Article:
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How To Buy A Ramp

Posted by Mike Phipps on December 10, 2018

Choosing an accessible ramp for mobility aids

A man in a wheelchair going up a ramp

This article was updated on 22/04/2024.

Ramps can provide vital access for wheelchair or scooter users to get around their home easily. There are many important factors to consider when choosing the right ramp to suit your needs.

If you have a wheelchair, scooter or moving mobility aid, it’s important to think about the accessibility into and around your home. If you have steps leading up to the house or any raised thresholds between rooms, it’s a good idea to consider getting a ramp to allow easy accessibility for the wheelchair user.

With many different styles of ramps available on the market, you will need to take some important factors into consideration before choosing and make sure the ramp you do choose, does and is everything you need it to be.

You will need to consider the placement of the ramp, if the user will be riding the mobility aid on the ramp or just the mobility aid will be on the ramp, the measurements of where the ramp needs to go, if it needs to be portable and which material will be best suited to you.

The ADA recommends the following guidelines for wheelchair/scooter ramp slopes:

  • If you will ride up and down the wheelchair ramp while seated in your wheelchair, you’ll need about 1 foot of ramp for every inch of rise.
  • If you will walk alongside or behind your mobility device, and power it up unoccupied, you will need about 1 foot of ramp for every 3 inches of rise.

Different types of accessible ramps

Different styles of ramps include channel, threshold and broad with adjustable and folding variations. They can made from fibreglass (with reinforced plastic), aluminium or solid rubber.

Channel ramps tend to be portable and consist of two slim parallel ramps which allow access over curbs, steps or into a vehicle. They can also come in telescopic and folding styles and are often made from metal or fibreglass with rubber grips underneath to keep in place.

Various ramps on a white background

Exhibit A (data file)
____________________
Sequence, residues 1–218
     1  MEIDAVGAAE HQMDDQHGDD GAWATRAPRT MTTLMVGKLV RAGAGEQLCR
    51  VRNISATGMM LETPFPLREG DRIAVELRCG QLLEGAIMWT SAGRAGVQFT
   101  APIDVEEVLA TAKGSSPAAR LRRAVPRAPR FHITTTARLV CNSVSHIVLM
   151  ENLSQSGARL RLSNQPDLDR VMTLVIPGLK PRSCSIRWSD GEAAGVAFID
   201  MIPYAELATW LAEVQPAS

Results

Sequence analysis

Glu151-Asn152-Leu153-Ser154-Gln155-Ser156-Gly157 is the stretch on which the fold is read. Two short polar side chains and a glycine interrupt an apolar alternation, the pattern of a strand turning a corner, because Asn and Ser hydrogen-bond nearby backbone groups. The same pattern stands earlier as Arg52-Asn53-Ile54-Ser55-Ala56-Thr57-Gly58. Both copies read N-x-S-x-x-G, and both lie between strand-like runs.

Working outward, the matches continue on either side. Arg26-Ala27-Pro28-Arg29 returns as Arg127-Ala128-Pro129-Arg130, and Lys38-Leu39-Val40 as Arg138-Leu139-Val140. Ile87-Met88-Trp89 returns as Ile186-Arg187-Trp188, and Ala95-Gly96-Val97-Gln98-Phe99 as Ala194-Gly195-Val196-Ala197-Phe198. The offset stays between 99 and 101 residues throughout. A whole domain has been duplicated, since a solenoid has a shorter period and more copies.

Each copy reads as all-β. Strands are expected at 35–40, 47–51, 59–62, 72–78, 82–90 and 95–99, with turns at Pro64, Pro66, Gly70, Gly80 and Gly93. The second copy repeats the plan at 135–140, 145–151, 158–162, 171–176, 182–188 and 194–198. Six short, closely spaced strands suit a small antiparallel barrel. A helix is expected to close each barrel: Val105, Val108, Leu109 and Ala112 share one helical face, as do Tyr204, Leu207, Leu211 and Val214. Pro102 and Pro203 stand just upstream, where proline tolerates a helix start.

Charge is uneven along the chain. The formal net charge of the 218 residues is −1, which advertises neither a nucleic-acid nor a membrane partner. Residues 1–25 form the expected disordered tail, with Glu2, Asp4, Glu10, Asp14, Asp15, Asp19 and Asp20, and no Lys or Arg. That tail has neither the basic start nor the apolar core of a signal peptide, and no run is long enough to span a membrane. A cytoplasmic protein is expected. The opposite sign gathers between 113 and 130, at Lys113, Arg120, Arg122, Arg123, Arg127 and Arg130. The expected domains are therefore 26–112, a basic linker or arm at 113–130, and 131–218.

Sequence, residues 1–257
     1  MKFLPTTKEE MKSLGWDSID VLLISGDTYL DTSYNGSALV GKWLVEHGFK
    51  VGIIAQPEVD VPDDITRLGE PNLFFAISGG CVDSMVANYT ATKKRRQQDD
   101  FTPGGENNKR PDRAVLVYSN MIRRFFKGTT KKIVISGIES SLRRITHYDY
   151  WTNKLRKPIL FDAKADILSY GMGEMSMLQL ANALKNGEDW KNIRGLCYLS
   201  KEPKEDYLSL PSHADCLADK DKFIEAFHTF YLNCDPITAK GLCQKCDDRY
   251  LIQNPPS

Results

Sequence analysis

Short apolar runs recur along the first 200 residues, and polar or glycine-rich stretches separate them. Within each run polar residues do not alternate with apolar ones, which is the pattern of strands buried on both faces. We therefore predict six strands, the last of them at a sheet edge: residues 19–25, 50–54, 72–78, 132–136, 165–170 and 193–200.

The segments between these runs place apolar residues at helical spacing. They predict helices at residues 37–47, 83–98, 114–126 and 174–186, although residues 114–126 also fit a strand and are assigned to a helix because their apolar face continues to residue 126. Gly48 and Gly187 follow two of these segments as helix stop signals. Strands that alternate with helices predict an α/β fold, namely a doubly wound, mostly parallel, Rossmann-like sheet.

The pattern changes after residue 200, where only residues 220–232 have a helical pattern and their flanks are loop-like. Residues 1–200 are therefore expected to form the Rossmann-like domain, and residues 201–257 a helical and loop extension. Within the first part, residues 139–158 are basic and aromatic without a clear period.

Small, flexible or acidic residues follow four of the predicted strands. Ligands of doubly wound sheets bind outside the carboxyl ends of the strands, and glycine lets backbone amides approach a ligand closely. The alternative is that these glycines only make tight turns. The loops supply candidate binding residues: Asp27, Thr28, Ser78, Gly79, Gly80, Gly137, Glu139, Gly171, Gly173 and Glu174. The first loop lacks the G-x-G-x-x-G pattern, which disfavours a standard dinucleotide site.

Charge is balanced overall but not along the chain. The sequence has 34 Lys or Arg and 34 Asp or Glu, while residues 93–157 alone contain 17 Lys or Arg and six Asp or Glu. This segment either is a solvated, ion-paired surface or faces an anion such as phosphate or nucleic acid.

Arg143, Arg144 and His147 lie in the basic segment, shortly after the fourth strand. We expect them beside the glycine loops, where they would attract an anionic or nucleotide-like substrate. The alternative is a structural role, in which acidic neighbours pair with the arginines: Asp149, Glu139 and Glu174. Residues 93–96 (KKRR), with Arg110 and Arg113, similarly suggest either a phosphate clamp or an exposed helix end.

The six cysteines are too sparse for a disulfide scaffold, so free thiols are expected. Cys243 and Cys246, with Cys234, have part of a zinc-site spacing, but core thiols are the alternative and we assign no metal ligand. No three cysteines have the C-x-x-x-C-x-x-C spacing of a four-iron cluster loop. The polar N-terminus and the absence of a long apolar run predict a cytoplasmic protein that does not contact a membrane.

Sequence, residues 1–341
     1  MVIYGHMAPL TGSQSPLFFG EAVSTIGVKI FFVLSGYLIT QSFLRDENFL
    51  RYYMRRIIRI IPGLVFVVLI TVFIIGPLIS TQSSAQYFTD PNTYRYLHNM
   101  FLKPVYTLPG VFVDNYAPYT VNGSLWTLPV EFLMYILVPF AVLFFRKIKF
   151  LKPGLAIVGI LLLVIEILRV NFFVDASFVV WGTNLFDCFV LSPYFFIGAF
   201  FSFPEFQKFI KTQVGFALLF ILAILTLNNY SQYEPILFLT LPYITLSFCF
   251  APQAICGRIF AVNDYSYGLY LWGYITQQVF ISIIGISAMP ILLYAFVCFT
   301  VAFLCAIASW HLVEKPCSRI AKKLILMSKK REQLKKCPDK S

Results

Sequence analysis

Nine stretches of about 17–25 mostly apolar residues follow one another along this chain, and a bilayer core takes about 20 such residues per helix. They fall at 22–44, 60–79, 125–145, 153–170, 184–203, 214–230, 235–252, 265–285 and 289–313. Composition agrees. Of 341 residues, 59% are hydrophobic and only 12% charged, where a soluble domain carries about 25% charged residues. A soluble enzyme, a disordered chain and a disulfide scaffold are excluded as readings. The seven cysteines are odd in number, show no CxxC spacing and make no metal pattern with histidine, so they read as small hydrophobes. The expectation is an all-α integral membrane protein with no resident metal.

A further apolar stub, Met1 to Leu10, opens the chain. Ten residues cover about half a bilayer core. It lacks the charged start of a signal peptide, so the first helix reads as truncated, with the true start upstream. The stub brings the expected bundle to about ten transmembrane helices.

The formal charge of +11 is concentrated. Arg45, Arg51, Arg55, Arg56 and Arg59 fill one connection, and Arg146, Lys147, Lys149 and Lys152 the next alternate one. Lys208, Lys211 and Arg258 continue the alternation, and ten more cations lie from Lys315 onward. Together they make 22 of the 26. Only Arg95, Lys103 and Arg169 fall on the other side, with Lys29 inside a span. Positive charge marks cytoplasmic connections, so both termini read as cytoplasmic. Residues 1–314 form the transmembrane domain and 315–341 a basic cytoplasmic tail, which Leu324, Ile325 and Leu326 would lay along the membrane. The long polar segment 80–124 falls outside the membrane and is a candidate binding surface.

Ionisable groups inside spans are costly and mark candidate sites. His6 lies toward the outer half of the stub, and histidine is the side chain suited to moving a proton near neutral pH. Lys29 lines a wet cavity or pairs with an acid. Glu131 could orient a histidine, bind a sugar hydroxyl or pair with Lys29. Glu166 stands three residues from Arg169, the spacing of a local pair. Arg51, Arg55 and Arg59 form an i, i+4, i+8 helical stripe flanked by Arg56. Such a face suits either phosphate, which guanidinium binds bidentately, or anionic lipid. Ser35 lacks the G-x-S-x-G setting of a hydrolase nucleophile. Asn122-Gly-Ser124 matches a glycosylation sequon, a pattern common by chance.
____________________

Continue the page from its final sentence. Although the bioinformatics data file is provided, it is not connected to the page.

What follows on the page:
Threshold ramps are smaller than channel ramps and consist of one broad piece. They are normally used in a permanent state over the threshold of a doorway or room which is used often, but you can find styles that are lightweight and fold up easily. Variations can be found in fibreglass, metal and rubber depending on what you prefer. They are also lower in height increments than other ramps as they are designed for doorway and room thresholds rather than steps or vehicles.

Various wheelchair ramps on a white background

Broad ramps are full width ramps without the gap in between like the channel ramps. They simply run straight up and down taking the whole of a wheelchair or scooter, and can also be used as pedestrian ramps. They usually feature side parapets which prevents the mobility aid from coming off the edges of the ramp and can be available in fixed, adjustable or roll-up portable styles.

Various wheelchair ramps on a white background

Aluminium ramps are often incredibly lightweight in portable and adjustable designs. Probably the most common style of ramp and usually have a a check plate or ribbed surface to ensure better grip and friction between wheels and ramp helping them to stop slipping when wet. The most varied in style in narrow, broad, width and length adjustable styles, threshold, channel and suitcase.

Various wheelchair ramps on a white background

Fibreglass ramps are made with reinforced plastic making them robust and non-corrosive. They are easy to manage as there are styles that fold away for portability and re-use and are usually available in threshold, channel and broad styles.

Various wheelchair ramps on a white background

Rubber ramps are solid and durable, can often feel heavy so are often used as a permanently placed ramp. As rubber ramps don’t ‘hover’ above ground like aluminium and fibreglass styles, as the height is thick rubber, they can be used to take heavier weights and are unmovable without force. The castellated surfaces prevent slips and they can even be cut down to the desired size.

Various wheelchair ramps on a white background

This guide simply shows you the options along with how to work out the measurements, if you are unable to fit the ramp yourself, always seek professional help as they will be able to install the ramp safely and securely if you are having it placed permanently.

Kate Makin, OT

Kate Makin, Ability Superstore's Occupational Therapist

Kate Makin qualified as an occupational therapist (OT) in 2001 with a BSc (Hons) in Occupational Therapy. She is a member of the Royal College of Occupational Therapists (RCOT).

As a registered occupational therapist (OT), Kate is a science degree-based, health and social care professional, taking a “whole person” approach to both physical and mental health and wellbeing. This enables individuals, of all ages, to achieve their full potential and lead as independent life as possible.

Click here for Kate’s registration with the Health and Care Professions Council.

Throughout her career, Kate has worked in many different clinical settings, in both the public and private sector. Kate has been running her own independent occupational therapist business since 2009. She is passionate about disability aids and adaptations, with a specialist interest in postural management and seating.

As Ability Superstore’s resident OT, Kate is on hand to offer professional advice and answer any queries.